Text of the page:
How strange is the Prajnaparamita Hridaya! A Buddhist acolyte complained to his teacher, “I have an eye, ear, nose, tongue, body and mind, so why does the Prajnaparamita Hridaya say that I do not?” His teacher said, “I don’t know, I must send you to a Zen master; he will know.” A Zen master might well reply, “To answer that question you must first know what was your face before your parents were born!” or, “What are you?”
The most familiar of all the sutras the Heart sutra is chanted regularly in Zen temples and monasteries, but for most it is opaque and impenetrable. Dr Albert Low uses his vast experience, coming from years of practice and teaching, to guide the reader through the difficult terrain of the Prajnaparamita Hridaya using non-technical language, many stories and references to the Zen koans. He encourages the reader to use the mind in a new, creative way. He shows that for all its strangeness the sutra has a vital message for anyone who has asked the question, “What am I?” “What meaning has my life?” “What happens after death?” or “Why must we suffer so?”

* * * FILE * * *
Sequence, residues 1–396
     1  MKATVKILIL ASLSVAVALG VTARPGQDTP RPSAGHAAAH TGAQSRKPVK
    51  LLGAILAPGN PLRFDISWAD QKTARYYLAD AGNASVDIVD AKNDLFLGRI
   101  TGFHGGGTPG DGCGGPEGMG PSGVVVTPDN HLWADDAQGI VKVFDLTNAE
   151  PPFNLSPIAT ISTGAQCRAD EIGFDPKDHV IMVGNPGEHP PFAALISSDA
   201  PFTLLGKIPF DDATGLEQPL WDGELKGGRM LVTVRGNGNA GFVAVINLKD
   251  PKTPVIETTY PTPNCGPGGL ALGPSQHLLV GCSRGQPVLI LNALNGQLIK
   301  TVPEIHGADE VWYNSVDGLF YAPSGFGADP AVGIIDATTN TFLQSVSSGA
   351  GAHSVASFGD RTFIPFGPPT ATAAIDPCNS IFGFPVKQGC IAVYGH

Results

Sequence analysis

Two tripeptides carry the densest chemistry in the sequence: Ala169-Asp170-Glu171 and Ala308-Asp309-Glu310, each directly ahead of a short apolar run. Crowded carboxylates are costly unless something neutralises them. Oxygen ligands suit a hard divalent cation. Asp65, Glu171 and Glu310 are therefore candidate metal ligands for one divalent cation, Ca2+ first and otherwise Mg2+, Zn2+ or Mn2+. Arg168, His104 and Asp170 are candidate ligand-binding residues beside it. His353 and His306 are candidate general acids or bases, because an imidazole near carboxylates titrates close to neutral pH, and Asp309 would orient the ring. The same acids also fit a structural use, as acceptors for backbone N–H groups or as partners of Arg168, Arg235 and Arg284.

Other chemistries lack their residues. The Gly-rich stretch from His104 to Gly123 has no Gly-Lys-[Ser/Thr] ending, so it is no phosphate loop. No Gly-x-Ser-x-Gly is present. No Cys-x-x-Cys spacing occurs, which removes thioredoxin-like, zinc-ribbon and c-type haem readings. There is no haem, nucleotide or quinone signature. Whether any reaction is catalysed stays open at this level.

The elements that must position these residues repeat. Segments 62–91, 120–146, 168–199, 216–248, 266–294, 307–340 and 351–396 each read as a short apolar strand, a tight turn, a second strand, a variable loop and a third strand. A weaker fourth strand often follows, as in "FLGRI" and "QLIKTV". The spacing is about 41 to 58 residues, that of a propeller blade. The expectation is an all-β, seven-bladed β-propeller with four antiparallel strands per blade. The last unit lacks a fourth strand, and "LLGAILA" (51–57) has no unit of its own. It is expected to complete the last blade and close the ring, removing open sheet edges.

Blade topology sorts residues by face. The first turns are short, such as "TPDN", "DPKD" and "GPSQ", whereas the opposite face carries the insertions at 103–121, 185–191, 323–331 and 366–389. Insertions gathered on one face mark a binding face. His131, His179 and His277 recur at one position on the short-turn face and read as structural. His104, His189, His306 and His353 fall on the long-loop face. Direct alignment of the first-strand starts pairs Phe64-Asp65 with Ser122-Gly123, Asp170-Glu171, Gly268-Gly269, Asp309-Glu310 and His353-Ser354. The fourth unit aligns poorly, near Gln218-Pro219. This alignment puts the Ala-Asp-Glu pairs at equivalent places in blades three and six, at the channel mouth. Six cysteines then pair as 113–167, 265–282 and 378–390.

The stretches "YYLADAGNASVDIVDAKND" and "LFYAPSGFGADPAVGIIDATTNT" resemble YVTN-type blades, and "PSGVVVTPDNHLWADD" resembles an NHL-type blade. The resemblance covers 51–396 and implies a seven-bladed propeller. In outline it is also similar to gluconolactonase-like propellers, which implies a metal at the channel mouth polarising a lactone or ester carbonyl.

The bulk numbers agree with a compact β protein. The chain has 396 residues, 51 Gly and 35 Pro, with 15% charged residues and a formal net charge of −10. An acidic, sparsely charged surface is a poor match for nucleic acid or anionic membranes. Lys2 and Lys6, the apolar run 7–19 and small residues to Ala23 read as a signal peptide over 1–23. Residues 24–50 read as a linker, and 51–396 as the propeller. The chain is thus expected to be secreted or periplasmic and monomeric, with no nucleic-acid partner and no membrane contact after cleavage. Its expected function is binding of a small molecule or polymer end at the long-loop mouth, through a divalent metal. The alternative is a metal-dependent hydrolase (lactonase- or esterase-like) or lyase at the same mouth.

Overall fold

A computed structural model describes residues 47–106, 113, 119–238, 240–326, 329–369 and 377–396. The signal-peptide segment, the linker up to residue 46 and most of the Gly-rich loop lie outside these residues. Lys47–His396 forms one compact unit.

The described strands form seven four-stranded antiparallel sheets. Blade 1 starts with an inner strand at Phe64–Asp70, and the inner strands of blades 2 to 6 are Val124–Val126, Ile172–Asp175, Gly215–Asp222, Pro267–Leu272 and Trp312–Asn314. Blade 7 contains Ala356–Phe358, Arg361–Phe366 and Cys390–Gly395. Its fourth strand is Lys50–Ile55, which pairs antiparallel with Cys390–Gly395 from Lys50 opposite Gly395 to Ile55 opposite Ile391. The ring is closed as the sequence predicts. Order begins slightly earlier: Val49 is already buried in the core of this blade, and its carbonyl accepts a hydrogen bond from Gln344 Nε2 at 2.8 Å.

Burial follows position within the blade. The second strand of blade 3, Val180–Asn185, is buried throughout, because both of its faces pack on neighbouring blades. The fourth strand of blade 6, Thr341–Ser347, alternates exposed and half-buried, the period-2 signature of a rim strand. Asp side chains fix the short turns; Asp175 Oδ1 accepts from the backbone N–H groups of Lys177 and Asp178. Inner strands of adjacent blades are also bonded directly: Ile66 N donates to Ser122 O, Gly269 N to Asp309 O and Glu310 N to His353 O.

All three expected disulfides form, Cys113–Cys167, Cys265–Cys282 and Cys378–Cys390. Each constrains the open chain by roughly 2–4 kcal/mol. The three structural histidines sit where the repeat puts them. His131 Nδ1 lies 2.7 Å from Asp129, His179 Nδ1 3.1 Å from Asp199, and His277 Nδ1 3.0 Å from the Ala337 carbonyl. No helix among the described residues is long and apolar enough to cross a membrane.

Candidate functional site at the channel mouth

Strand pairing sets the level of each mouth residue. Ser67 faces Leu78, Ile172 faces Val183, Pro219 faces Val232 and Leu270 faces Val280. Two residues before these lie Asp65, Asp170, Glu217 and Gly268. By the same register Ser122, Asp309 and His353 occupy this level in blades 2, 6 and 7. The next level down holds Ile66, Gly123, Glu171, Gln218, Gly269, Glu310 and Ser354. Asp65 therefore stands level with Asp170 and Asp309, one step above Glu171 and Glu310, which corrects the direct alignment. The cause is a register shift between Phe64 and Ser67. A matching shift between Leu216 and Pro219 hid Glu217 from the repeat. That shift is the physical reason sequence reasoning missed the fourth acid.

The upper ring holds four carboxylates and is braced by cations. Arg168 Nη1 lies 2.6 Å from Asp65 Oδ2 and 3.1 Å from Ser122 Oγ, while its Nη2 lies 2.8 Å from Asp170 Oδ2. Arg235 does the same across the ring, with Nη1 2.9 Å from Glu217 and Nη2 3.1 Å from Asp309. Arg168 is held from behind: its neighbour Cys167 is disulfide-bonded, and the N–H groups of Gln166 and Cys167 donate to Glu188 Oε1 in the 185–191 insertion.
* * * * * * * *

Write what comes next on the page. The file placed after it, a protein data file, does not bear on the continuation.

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Published July 17, 2010
Religion & Spirituality.